We’re taking a look at Intel’s first attempt at a full-featured media center motherboard, the DG45ID. It’s also our first look at their new G45 Express chipset, which promises to finally bring DX 10 support and hardware-accelerated HD video playback to their integrated graphics offerings. Can the DG45ID prove itself a worthy choice for your HTPC?
Today’s CPUs make short work of audio compression and encoding, but it remains an important and consequential performance metric for anyone who works with a large library of digitally-stored music. Even the most uptight audiophiles have begun to embrace lossless encoding of digital sources, and this has led to a proliferation of PC-based audiophile music servers as well.
To examine the handling of large amounts of audio data in an encoding or transcoding operation, we employ Illustrate’s dBpoweramp music converter. Encoding places demands on the CPU-memory link, as well as the storage subsystem, but in the development of our methodology, we found the storage aspect to be far more variable, and less consistent, so we focus on a benchmarking application developed by Illustrate that uses dBpoweramp’s compression engine, and doesn’t involve the storage subsystem at all.
Our battery of music compression tests is automated by a batch file, and tests encoding in both FLAC and MP3 file formats. (For a breakdown of the differences between common encoding formats, check out our article.) First, a conditioning run of each test is performed, and then a data-collection run for both tests. This is done to ensure the most consistent results possible. Data is then recorded to an output text file for each compression format, though both tend to scale consistently.
Strangely enough, the Intel DG45ID finds its footing here and completes the FLAC encoding task one second faster than the P5E-VM, though the MP3 encoding task takes two extra seconds on the Intel board. This may have something to do with differing usage of memory for the LAME encoder when compared to the FLAC encoder, though it is a slight break from our typical result scaling. The results are extremely consistent for multiple trial runs, so the numbers presented here are valid.
Now that the HD format war has subsided, we can all breathe a sigh of relief and begin thinking seriously about how to integrate high-definition video playback into our home theater systems. The home-theater PC figures into that in a big way, but even enthusiast PCs will likely be tasked with Blu-Ray playback on the desktop, and notebook PCs are just now beginning to be capable of playing back a complete Blu-Ray movie on a single charge.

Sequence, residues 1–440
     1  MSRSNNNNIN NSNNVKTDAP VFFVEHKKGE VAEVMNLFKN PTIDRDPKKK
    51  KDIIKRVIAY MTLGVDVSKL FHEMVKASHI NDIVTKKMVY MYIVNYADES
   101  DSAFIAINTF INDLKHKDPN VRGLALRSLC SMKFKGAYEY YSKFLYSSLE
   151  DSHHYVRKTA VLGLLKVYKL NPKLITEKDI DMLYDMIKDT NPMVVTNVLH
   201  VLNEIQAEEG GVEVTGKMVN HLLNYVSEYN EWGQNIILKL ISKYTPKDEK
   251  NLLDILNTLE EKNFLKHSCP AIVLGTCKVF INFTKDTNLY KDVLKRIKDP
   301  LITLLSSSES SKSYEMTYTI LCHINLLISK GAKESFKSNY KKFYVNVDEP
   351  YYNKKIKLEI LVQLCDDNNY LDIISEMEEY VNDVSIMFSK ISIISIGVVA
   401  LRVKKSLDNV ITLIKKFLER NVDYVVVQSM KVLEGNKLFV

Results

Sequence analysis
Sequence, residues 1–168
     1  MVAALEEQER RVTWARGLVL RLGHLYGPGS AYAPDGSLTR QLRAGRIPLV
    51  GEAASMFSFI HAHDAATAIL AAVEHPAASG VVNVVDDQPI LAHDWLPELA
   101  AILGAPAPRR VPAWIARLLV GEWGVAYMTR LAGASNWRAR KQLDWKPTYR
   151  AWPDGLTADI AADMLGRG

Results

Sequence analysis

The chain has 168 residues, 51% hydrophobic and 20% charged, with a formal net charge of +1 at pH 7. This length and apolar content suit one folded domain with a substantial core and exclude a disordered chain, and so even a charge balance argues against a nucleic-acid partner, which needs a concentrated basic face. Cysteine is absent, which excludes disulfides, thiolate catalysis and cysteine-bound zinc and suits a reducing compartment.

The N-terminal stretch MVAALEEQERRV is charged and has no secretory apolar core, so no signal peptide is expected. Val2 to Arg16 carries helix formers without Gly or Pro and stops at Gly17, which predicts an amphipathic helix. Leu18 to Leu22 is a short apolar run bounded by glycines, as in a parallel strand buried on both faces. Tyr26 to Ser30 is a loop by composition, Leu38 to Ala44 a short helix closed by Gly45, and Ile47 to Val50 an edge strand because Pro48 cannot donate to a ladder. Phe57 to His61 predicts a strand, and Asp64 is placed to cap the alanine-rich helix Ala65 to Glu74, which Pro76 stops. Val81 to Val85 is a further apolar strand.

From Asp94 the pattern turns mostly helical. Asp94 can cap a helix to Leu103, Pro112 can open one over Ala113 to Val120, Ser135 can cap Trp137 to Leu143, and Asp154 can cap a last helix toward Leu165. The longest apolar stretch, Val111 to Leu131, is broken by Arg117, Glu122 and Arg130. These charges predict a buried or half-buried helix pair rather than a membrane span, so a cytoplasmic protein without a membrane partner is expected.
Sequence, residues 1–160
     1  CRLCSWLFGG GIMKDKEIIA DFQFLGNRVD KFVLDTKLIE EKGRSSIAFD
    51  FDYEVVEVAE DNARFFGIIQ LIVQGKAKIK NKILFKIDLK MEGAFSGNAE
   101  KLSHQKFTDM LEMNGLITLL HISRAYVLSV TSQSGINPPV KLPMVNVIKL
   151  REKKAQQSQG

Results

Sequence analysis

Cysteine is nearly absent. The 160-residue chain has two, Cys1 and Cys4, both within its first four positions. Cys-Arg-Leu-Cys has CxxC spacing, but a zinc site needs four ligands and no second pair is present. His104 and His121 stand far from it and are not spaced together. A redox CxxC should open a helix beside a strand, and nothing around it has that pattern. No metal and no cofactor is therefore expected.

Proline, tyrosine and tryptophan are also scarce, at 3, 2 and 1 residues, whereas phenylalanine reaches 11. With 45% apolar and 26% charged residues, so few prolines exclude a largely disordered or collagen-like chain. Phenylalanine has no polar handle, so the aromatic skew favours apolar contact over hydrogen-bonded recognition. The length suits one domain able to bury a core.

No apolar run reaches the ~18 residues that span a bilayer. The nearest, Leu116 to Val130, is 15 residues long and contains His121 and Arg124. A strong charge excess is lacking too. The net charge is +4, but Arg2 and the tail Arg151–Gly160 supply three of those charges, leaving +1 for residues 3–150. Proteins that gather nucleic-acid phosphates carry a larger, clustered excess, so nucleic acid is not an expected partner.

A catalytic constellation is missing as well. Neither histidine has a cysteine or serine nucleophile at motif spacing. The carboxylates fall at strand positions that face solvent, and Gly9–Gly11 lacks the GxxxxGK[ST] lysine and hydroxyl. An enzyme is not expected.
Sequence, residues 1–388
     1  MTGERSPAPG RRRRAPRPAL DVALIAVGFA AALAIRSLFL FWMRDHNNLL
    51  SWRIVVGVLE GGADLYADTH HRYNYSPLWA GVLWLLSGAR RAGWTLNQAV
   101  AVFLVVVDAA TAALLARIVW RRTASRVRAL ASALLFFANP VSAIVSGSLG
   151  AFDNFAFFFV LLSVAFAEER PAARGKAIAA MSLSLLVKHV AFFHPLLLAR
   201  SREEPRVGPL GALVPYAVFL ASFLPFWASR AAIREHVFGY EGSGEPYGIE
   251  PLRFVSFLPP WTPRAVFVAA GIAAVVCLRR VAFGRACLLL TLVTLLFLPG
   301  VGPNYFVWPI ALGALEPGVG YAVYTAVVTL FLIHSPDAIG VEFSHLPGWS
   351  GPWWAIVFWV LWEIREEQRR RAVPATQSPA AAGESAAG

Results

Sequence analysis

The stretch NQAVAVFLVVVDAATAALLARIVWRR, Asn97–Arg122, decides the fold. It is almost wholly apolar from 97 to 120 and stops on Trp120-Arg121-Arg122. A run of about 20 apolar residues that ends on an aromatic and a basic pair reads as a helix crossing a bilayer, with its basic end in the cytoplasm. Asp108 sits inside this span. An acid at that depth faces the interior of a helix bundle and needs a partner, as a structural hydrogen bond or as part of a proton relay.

Hardware acceleration of high-definition video decoding plays a large part in the Blu-Ray experience on your PC, offloading the decoding task from the CPU and ensuring stutter-free and artifact-free HD playback. This is especially important in cases where the PC must handle multiple CPU-intensive tasks simultaneously, such as recording HD television while watching a Blu-Ray movie – an entirely reasonable usage scenario for a home theater PC.
In light of this, we’ve incorporated a Blu-Ray playback test that compares CPU usage in ArcSoft’s TotalMedia Theatre media player. We chose the ArcSoft solution after comparing the various player packages available, thanks to its broad support for a variety of GPU acceleration implementations. The purpose here is to compare CPU usage between different motherboard IGPs while decoding a Blu-Ray movie. The movie we selected is Disney’s Pirates of the Caribbean: At World’s End, which is encoded in the H.264 format. For comparison’s sake, we’ve also tested the motherboard under review with our reference NVIDIA GeForce 9600GT discrete GPU.
In this test, the Intel G45 Express chipset’s built-in GMA X4500HD graphics core significantly relieves the CPU of the decoding task, while the G35’s GMA X3500 graphics core (which lacks hardware acceleration for H.264 decoding). However, the discrete NVIDIA GeForce 9600GT GPU provides even more effective hardware acceleration, with the CPU load from Blu-Ray playback cut to single-digit values. The Intel DG45ID motherboard makes more sense than a G35-based solution if you’re planning a machine that’ll be used to play Blu-Ray movies in the future, though there’s still more performance to be gained from using a discrete GPU from either the ATI or NVIDIA camp.